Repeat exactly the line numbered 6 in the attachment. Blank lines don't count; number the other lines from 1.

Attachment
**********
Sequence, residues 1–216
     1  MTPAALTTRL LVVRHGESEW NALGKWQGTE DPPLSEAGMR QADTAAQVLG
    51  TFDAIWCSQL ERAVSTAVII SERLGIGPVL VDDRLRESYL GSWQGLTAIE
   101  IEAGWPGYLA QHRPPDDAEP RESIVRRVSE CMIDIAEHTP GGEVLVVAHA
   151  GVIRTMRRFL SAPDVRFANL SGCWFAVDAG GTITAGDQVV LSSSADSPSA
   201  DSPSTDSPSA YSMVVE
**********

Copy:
   201  DSPSTDSPSA YSMVVE